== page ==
Katya Kazakina (@artdetective), Bloomberg News's Art market reporter, has noted that Ivan Konstantinovich Aivazovsky's view of The Bay of Naples (pictured above) may have just set the record for the most expensive picture sold in an online auction. The painting sold yesterday at Sotheby's online Russian Sale for £2,295,000 (inc. fees) over at estimate of £800,000 - £1,200,000.

Aivazovsky's gargantuan paintings are highly prized in Russia, and fill the principal galleries of The State Russian Museum in Saint Petersburg.

It will be interesting to see if similarly impressive results will be achieved in the major London auctions this summer, especially during this age of online only sales.

Send Religious Works Back to Churches says Uffizi Director

June 3 2020

Image of Send Religious Works Back to Churches says Uffizi Director

Picture: Uffizi

Posted by Adam Busiakiewicz:

The Arts Newspaper has published a story relating to a claim made by Eike Schmidt, Director of the Uffizi in Florence, that many religious works of art currently in Italy’s museums and stores should be returned to the churches from which they came. He further went onto to suggest that Duccio's Rucellai Madonna (pictured on the right) should go back to its original home, the Florentine Church of Santa Maria Novella.

The reasons given by Schmitt suggest that the return of such works would help audiences better understand the importance of their spiritual contexts, as well as give back meaning to the buildings they were removed from.

This argument is by no means a new one, but it is one fraught with all sorts of thorny issues. The article makes it clear, however, that such ideas are provoking but 'unrealistic' for now.

Cardinal Giuseppe Betori, archbishop of Florence, is quoted:

"the proposal deserves to be noted and commended” but “every case would have to be considered on its own merits".

Test your connoisseurship - Spot the Copy

June 3 2020

Image of Test your connoisseurship - Spot the Copy

Picture: Christie's & Indianapolis Museum of Art

Posted by Adam Busiakiewicz:

Following on from my Reynolds post last week, here is another fun chance for readers of AHN to hone their connoisseurship skills. The upcoming Christie's Old Masters sale in NY contains a copy of Rembrandt's Portrait of the Artist c.1629, the prime version of which is in the Indianapolis Museum of Art. The Christie's copy is catalogued as by the 'Studio of Rembrandt' with an estimate of $40,000 - $60,000.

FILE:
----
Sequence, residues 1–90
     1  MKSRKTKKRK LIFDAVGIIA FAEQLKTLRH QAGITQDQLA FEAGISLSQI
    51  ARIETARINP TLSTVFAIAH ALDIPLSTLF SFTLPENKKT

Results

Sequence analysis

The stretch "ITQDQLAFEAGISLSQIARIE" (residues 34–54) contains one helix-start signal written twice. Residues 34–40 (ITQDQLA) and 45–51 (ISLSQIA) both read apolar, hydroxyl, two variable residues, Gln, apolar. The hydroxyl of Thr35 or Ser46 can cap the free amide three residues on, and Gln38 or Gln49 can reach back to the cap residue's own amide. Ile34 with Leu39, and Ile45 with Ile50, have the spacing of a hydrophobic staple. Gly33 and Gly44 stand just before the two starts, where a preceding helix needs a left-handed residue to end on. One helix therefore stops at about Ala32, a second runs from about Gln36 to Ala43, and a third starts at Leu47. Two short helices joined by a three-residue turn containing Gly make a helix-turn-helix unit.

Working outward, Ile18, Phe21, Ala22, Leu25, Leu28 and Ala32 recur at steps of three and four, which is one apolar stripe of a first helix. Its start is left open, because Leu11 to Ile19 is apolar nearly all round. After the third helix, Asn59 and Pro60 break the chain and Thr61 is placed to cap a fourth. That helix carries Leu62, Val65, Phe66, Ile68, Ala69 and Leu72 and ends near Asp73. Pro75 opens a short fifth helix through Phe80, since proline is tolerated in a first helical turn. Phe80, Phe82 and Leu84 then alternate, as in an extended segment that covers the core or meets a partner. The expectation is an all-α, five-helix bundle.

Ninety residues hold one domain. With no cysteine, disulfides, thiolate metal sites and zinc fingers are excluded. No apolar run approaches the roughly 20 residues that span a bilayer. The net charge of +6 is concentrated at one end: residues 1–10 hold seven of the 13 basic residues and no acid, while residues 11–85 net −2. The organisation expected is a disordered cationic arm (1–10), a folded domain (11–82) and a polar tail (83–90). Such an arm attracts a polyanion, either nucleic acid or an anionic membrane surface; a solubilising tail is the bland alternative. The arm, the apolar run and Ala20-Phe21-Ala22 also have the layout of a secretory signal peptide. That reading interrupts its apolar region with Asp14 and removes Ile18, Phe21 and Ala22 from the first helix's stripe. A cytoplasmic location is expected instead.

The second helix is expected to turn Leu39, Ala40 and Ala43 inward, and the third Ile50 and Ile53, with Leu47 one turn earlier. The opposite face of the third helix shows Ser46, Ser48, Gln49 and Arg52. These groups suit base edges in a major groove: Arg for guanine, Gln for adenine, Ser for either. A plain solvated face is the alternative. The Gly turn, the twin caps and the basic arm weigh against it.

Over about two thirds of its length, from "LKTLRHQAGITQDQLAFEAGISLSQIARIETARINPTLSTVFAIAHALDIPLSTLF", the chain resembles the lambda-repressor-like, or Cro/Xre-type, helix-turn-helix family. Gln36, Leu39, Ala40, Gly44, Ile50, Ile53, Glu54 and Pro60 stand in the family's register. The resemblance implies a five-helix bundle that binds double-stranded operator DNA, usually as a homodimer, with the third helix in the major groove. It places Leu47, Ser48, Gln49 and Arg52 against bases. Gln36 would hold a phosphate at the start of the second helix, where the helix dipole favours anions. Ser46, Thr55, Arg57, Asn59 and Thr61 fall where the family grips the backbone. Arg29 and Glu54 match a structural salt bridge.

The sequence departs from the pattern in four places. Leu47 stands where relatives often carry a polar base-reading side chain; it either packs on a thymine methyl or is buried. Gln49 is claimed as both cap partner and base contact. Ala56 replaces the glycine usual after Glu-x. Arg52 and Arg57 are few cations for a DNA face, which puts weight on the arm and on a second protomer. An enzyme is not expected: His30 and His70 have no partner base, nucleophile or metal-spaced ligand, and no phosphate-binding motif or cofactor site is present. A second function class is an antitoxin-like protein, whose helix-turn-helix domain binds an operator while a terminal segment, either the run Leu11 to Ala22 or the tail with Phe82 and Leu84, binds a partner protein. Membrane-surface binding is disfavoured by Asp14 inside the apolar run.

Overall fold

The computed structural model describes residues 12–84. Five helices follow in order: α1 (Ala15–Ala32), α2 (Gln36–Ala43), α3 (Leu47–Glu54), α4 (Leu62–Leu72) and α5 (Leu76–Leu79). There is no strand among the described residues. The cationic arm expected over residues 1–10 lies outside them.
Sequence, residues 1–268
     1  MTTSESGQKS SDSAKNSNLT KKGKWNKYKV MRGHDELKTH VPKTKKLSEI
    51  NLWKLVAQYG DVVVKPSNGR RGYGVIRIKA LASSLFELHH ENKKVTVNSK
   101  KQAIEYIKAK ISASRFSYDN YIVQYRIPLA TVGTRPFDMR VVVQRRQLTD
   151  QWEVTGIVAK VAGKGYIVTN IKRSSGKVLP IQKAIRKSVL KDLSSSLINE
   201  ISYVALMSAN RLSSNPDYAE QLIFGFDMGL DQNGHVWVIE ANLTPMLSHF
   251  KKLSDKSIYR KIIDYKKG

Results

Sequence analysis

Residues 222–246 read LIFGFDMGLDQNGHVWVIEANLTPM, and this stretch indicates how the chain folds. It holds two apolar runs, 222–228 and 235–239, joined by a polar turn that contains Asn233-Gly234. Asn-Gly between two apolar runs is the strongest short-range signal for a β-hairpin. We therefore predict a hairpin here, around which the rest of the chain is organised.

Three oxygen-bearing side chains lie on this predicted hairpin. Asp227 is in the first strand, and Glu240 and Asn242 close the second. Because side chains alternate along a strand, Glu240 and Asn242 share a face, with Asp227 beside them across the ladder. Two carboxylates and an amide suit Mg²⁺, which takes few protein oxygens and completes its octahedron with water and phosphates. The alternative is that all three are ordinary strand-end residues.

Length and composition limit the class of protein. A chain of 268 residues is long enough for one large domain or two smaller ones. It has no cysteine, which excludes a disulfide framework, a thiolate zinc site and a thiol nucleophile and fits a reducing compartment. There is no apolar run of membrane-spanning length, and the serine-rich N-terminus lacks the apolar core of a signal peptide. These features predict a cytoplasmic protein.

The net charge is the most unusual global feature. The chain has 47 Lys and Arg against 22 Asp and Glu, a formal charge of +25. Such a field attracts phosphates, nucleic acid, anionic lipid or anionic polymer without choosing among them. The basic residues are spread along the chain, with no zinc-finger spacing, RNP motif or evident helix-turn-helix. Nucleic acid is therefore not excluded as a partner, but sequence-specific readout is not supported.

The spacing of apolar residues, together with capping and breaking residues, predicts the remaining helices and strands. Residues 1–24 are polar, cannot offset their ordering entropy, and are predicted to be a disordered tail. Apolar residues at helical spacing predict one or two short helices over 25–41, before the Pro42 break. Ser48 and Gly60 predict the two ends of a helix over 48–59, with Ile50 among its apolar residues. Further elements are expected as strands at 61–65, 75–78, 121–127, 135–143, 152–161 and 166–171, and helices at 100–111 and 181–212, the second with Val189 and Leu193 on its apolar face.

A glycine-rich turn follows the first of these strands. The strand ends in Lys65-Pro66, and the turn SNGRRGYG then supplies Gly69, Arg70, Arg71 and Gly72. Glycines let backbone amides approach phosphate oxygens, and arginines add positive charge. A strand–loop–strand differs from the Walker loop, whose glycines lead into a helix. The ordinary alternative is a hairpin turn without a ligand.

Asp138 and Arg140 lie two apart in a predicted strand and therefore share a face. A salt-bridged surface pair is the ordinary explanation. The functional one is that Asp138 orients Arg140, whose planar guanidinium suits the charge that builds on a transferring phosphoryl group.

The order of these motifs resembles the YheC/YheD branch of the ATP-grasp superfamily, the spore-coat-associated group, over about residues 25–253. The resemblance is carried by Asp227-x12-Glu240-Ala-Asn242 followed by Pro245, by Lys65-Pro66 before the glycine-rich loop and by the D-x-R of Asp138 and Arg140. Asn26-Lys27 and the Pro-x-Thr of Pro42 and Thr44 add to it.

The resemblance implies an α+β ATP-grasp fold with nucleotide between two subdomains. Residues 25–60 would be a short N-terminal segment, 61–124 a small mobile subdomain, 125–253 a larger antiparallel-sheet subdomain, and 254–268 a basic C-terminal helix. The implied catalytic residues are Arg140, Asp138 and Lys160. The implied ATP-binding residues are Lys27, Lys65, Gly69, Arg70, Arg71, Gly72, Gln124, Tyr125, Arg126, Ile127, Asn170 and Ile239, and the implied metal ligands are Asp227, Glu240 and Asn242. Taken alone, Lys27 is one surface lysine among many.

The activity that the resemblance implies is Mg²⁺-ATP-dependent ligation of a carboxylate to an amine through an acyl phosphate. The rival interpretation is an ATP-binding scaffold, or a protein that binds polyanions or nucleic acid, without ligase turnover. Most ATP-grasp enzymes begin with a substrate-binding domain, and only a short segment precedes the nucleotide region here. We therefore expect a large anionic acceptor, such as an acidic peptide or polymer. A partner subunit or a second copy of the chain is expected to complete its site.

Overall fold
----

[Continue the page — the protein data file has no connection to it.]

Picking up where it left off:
Here is a high resolution image of both works side by side, so that you can challenge yourself to spot the copy.

Once you've worked out which is which, follow these links to the Christie's copy and the Indianapolis Museum of Art prime version to find out if you're right.

Wilson Lecture: Georgian Provocations

June 3 2020

Image of Wilson Lecture: Georgian Provocations

Picture: The Cobbe Collection

Posted by Adam Busiakiewicz:

The Paul Mellon Centre for Studies in British Art is running a public lecture series entitled 'Georgian Provocations' this summer. All lectures are presented online and are available to watch on YouTube.

Tomorrow's lecture (4th June) will be delivered by scholar Martin Postle on landscape painter Richard Wilson's The White Monk, a classical landscape which the artist painted many times with a multitude of compositional variations. The image above is the version in the Cobbe Collection, which has a rather good website with beautiful images to peruse by the way.

Mark Hallett's lecture on Hogarth's The Four Times of Day is available to watch on the PMC's YouTube channel.

Open Access Collections Article

June 3 2020

Image of Open Access Collections Article

Picture: Apollo Magazine

Posted by Adam Busiakiewicz:

Apollo have published an article by Douglas McCarthy and Andrea Wallace on the case for open access collections. It contains a good summary of the current state of the debate which this blog has been a passionate supporter of over the years.

This description of the benefits that Cleveland Museum of Art have seen from their open access policy is encouraging:

Open access can also be transformative inside heritage institutions. One year after the Cleveland Museum of Art’s open access launch, its chief digital information officer, Jane Alexander, noted the following impacts: increased updating of attribution, provenance and collections information; curators forging new connections with scholars; and resources being reallocated from responding to image requests to supporting digitisation. The vast majority of the museum’s online users who are looking for images now self-serve from its online collections, freeing up valuable staff time.

It is also a good time to draw attention to this recently established campaign group Art for All, which is dedicated to fighting the cause here in the UK. I'm sure Bendor might have more to say about this project in due course.

Mary Boleyn Portrait Reidentified in Royal Collection

June 1 2020

Image of Mary Boleyn Portrait Reidentified in Royal Collection

Picture: The Royal Collection

Posted by Adam Busiakiewicz:

The Sunday Telegraph have reported on news of a discovery made in the Royal Collection by the Jordaens Van Dyck Panel Paintings Project (JVDPPP). For a long time the above portrait was simply known as 'Portrait of a Woman' and thought to be a copy of some missing picture. Through diligent research the project was able to reidentify this portrait as an image of Mary Boleyn, sister to the Henry VIII's second wife Anne Boleyn.

The reidentification was made possible by drawing comparison with other versions of Mary Boleyn's likeness including those at Longford Castle and Warwick Castle

Furthermore, research had shown the portrait to have been one of the '14 Beauties' that decorated Queen Anne's Bathing Room at Windsor Castle. These portraits were mostly seventeenth century copies of known pictures by the likes of Van Dyck, Lely and Cooper. The project was also able to reidentify a stunning portrait by Remigius van Leemput now known to depict Margaret Smith, Mrs Thomas Carey later Lady Herbert.

The JVDPPP have uploaded the full article on their website if you can't get through the Telegraph paywall.